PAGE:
Similarly I will walk you through this process using a slideshow method as we’ve done throughout this post.


We need to prepare a virtual environment inside VMware Player for this first. Then power on the VM (Virtual Machine) and connect the flash drive before ESXi is booted. We will then go through ESXi installation process and select the flash drive as the destination. Once ESXi installation is complete, power off the VM, change settings to boot or load Plop and through Plop boot up from our USB flash drive. Again we have to use Plop Boot Manager because VMware Player doesn’t allow booting directly from USB drives.

Ready? This one may need a bit more focus and attention.


So we have an ESXi system on a USB drive ready to go but before we can use it in our real hardware, we must configure it in a virtual environment. We have already set up the environment for Plop, now all we need to do is power up the VM and connect our ESXi flash drive and use Plop to boot from it.

Before we begin though, let’s grab some network information, review and understand it (or skip this section if you know what you’re doing). Then use that information to create an IP address and later on assign it to the ESXi host. As noobs let’s assume we don’t know much about IP which stands for Internet Protocol by the way. You can simply relate to it as your house or in my case unit number. It’s a unique number that identifies your location in the world of networking. Of course what we are going to create is an internal or LAN (Local Area Network) address, basically this is the identification that typically home routers automatically assign to devices and then the router will get an external address to talk to the outside world or the World Wide Web.

I might have gone a bit off track here, but the point is to have a general understanding, so if you were to Google search ‘what’s my ip’ from any device in your home (connected to the router via cable or WiFi) you would get the same IP address for all and every device. And that is the unique external or public IP address assigned to the router by your ISP (Internet Service Provider). We don’t really care about this one though!

Now if you were to look up internal IP information on each device you probably see addresses in the 192.168.1.X range, where ‘X’ is a different number for each device. On a Microsoft Windows system, you can open up a command prompt and type in ‘IPCONFIG’ and press enter to see that information. So go ahead, give it a try and find the information we just talked about.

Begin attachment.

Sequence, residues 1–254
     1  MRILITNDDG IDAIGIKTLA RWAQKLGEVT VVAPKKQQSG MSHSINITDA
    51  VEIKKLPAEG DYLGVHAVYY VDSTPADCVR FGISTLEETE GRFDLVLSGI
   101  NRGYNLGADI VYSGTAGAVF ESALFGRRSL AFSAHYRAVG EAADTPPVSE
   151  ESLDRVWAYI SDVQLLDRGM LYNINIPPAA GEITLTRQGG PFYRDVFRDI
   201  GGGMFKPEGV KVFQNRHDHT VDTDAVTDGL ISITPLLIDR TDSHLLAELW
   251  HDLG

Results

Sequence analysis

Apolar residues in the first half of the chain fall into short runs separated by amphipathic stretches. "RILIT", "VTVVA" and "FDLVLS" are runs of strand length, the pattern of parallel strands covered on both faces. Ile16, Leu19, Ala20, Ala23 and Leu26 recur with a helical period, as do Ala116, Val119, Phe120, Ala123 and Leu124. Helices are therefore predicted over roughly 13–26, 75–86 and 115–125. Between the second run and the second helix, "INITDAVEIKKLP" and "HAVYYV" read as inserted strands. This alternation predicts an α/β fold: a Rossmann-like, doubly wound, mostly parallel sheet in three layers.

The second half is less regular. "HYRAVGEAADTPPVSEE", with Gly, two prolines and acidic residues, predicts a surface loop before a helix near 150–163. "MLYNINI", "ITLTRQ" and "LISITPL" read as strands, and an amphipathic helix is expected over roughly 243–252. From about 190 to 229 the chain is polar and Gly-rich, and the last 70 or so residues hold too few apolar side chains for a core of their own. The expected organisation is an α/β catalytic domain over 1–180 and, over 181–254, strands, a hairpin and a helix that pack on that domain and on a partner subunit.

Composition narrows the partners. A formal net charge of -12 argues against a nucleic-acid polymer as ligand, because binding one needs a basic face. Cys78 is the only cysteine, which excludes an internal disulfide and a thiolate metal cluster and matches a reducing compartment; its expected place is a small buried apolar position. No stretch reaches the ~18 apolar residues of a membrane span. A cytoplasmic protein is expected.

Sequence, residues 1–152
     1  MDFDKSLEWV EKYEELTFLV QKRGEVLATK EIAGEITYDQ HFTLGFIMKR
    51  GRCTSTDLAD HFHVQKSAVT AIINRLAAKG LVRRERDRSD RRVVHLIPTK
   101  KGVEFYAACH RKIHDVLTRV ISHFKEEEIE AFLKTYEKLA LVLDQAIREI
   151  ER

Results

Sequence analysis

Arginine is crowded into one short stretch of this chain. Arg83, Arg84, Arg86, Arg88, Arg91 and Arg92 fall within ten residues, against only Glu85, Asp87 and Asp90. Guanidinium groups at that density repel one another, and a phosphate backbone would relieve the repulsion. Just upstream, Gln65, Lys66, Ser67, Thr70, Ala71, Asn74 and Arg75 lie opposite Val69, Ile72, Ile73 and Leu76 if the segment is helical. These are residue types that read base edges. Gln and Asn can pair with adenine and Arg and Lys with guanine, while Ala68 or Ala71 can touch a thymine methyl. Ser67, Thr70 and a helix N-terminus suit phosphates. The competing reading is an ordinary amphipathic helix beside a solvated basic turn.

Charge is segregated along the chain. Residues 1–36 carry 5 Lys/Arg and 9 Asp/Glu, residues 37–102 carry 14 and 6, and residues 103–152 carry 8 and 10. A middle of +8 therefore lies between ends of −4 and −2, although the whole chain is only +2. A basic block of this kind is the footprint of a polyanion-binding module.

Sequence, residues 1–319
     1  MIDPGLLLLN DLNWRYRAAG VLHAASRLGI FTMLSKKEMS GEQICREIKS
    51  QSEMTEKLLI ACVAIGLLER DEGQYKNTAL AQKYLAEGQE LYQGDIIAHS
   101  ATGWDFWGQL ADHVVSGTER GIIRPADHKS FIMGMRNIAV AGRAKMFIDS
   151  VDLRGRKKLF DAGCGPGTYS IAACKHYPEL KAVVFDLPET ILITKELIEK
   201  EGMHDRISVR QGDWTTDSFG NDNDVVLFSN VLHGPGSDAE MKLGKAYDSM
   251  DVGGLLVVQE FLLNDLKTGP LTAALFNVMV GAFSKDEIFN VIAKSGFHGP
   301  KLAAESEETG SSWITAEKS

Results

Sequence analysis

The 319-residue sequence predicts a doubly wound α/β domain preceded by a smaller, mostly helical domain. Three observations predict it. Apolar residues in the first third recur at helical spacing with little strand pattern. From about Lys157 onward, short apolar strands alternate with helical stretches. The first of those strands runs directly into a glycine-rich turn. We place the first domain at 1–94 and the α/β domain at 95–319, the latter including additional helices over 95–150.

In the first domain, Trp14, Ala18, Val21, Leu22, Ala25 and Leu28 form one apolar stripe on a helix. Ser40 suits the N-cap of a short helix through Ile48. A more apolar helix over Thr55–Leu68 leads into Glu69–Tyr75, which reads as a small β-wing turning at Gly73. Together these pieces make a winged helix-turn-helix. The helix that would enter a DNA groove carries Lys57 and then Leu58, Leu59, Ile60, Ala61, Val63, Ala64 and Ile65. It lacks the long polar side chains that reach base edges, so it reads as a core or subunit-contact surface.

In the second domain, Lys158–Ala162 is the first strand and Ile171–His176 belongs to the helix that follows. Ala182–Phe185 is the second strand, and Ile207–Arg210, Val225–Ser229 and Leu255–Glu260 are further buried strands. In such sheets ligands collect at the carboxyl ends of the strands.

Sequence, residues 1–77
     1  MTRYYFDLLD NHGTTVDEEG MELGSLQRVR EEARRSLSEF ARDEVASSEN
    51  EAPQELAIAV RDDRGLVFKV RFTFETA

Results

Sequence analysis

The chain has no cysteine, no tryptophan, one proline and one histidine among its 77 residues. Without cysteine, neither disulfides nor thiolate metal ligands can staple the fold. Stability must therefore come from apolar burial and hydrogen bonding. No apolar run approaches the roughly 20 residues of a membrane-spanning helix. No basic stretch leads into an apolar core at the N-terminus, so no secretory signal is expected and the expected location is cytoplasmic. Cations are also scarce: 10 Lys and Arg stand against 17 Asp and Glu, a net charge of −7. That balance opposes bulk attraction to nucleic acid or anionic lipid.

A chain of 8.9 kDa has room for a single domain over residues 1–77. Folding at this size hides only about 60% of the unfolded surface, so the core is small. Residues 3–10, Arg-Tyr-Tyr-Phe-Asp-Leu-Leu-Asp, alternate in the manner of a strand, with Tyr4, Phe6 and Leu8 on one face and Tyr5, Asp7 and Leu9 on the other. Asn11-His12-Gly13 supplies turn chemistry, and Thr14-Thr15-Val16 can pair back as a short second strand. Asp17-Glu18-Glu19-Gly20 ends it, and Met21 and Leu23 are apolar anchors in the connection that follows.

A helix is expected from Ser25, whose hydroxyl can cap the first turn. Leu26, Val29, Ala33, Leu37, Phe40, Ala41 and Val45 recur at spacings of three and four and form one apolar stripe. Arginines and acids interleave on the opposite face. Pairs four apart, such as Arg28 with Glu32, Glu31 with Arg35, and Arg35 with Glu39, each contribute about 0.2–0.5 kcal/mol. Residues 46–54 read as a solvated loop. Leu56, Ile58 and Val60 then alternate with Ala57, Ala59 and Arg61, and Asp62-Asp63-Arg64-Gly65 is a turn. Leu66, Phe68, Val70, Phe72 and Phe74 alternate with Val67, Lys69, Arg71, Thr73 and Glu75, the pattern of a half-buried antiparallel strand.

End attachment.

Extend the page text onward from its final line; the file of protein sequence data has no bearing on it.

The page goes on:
Once you are satisfied that you can find it, run the command again like this ‘IPCONFIG /ALL’. You probably noticed that there are a few more lines of information this time. We will need to note down IP address, subnet mask, default gateway and DNS server information. Here’s a sample output on my machine.



Did you notice that I have modified my router settings to assign IP addresses in a different range 10.10.0.X?

Alright let’s create an IP address for the ESXi server. Since we don’t want to assign an address that may be given to a new device by the router in the future (of course you can view your router’s settings or even limit it to a certain range), I suggest creating an address at the end of your network range, like Or you can assign anything in between to, because it’s safe to assume that there will not be more than 100 devices in your home network. If your network has a different address range, like mine, same rules apply and you can still use either the .254 or any other in between .100 to .125 for the last digits. Below is a generic example:

IP Address:
Subnet Mas:
Default Gateway:
DNS Servers:

With our network address sorted out we can go ahead and set up our ESXi machine. Here comes another slideshow!


We now have a configured and working ESXi installation/flash drive. In the next post, we’ll go through booting our ASRock Q1900-ITX board with this ESXi USB.